Customs arrived at about 2.30 Monday afternoon – too late really to do much though we did come in to the Yacht Club for a much longed for shower and dined at the little restaurant attached to it. The outboard motor on Ethelred (you will remember that this is the name of the dingy if you have read our previous blogs) failed and after an unsuccessful attempt by one of the other yachties to tow us the Capt had to row us out (not an unpleasant experience on a tropical evening if it is not raining).

So here I sit, in the Royal Suva Yacht Club, writing the blog. We bought Hakura in first thing this morning to be refueled and watered up, and I decided to get off and spend the time on the blog while the boat goes back to the anchorage. I have enjoyed an English breakfast from the restaurant (this I can recommend) and during the night my fever broke so I suspect I am going to live. Soon, Alex and the Capt will arrive on Ethelred and young Alex is going to go off on his own to experience Suva for the rest of the week. He will rejoin us Saturday when we intend to head for the outer islands and make our way round to Lautoka. The Capt and I have to spend the day going round Suva sorting out all the paperwork and payments required for our entry and cruising around Fiji, and we will go to the markets (I love the Suva market – cant wait to have a piece of fresh pineapple) to stock up on fresh fruit and veg and they have a great spice area we want to visit.

Pinch me! We are finally here! Waaaaahoooooooooooooooooooooooooooooo!

Postscript: We spent a week in Suva – I love the place, though we did not get to spend much time in the city. I needed time to recover and as I was getting better the Captain came down with a cold and was not at all well for the week. Young Alex went off on his own for a few days, but returned, also not well, so we made a fine trio. The time we did manage to spend in the city was great. The people are very friendly, there is a multitude of different types of food to sample and we enjoyed the markets once again. It’s great to have tropical fruit on the boat. The weather has not been fantastic, even the locals are complaining that it is too cold for them. But it is very pleasant for us and we are looking forward to being able to enjoy the beaches and get into the water very soon.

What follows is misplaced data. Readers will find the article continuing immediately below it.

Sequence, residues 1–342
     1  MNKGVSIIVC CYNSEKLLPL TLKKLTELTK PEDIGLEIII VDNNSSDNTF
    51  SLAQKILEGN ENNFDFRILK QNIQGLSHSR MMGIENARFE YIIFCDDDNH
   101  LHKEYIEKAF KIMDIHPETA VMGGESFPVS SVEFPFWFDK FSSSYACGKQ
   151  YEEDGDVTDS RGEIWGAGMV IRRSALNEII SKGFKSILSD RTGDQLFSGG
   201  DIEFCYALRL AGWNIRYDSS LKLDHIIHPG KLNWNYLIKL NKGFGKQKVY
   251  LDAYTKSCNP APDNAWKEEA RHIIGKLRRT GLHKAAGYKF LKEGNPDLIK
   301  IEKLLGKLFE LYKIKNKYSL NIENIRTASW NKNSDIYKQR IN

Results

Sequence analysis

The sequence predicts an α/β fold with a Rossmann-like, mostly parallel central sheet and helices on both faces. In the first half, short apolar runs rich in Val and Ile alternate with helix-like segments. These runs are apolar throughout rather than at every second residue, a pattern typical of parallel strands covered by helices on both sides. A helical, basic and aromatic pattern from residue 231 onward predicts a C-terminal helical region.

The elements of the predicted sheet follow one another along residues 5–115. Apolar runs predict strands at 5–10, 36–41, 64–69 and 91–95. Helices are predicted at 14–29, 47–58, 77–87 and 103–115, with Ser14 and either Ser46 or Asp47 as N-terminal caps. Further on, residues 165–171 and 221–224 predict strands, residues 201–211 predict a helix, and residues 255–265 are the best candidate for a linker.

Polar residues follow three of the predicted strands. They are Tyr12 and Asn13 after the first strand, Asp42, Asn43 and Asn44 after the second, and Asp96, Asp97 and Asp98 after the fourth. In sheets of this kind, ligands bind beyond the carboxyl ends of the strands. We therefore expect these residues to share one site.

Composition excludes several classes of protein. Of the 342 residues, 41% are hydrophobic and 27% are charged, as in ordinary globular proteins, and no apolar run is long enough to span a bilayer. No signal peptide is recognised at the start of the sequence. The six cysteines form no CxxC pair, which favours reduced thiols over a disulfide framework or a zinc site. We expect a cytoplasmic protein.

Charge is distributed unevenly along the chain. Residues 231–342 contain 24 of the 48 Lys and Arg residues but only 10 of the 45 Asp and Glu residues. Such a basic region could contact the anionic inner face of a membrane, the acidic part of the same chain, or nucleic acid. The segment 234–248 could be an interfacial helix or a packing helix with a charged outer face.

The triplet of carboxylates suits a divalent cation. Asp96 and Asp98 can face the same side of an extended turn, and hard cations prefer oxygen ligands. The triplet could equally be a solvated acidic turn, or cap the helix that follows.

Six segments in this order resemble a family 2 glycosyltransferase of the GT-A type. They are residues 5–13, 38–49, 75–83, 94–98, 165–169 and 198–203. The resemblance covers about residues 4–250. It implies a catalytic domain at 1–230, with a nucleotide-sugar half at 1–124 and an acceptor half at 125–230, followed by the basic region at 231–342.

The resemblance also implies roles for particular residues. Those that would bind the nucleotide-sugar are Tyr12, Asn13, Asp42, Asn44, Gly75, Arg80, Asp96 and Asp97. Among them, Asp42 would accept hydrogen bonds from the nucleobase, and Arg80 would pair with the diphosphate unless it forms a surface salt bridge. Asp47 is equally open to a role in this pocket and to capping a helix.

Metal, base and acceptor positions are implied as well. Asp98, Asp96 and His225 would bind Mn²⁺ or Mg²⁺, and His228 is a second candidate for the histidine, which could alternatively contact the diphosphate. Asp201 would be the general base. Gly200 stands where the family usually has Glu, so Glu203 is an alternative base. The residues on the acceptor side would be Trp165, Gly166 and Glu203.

Final note: We left Suva a week after arriving and headed out to Beqa Lagoon after spending a night moored at Tradewinds – beautiful. We have been anchored off Lawaki Beach since arriving just out from the Lewaki resort which is a very small, casual and friendly place where we go in to daily to enjoy the company of the owner, get fresh water, and enjoy the beach and snorkeling. Alex and Doug are finally starting to improve health wise and I am feeling great. I actually went for a long walk around the island yesterday – I felt just like a beachcomber and thought about the time in my youth when that was what I wanted to be. It is great to feel better and we are all now starting to enjoy it as we should. I think we are all starting to get a bit of tan! This evening we had dinner at the resort and sat chatting to Sam, the owner, and a young Swiss couple who are all off to see the World Cup from here. We have also met a NZ yachting family and Doug has made great friends, as always, with their two young sons. I am not sure when I will get a chance to blog again – we have issues getting to internet and we are not staying in marinas. Probably on the weekend we will head to the western part of the island (Lautoka) as young Alex is due to fly home early in September and we will be joined by other friends for a week or so.

Crew Comment: Alex speaks

When I joined the crew I had no idea what sailing was. Now it is my dream to get a boat in the future and sail around the world – sailing has become a huge passion of mine. This experience has been one of the best I have had since arriving in NZ, I am so pleased to be here. Doug and Lorraine have become part of my family. It is all very cool, and very different from the back packer lifestyle. Instead of drifting from people to people we have had time to bond and it is great.



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31st August 2011

adventure +
wow you guys really are having some adventures arnt you glad to hear you made it safely (thanks for the text too Gago) and are getting some sun. way to go Captain, sounds like you are doing a fantastic job looking after everyone! enjoy the sunshine lots of love Casey, Glenn, Joel, Brodie and Jack. XOX
1st September 2011

Hello from Te Puke
Hi there Doug and Lorraine - just read your blog over my morning coffee.Hopefully now you are all fit and well and topping up on the tans. You do have some eventful stories to tell - am glad you are now relaxing and enjoying a break and time out. - I guess it must initially feel strange to be on terra firma again. Cold snap due again with snow on the Desert Rd supposedly today. Certainly it is cooler that the last few days, but spring is here - daffodils everywhere and willow trees just starting to burst out in leaf and our plum tree is following them too. The hens are laying well again and despite the southerly winds one does feel like it really is spring at last. Enjoy the rest of your crusing and good luck for the trip home again.

Tot: 0.204s; Tpl: 0.017s; cc: 17; qc: 53; dbt: 0.0439s; 53; m:apollo w:www (50.28.60.10); sld: 3; ; mem: 6.5mb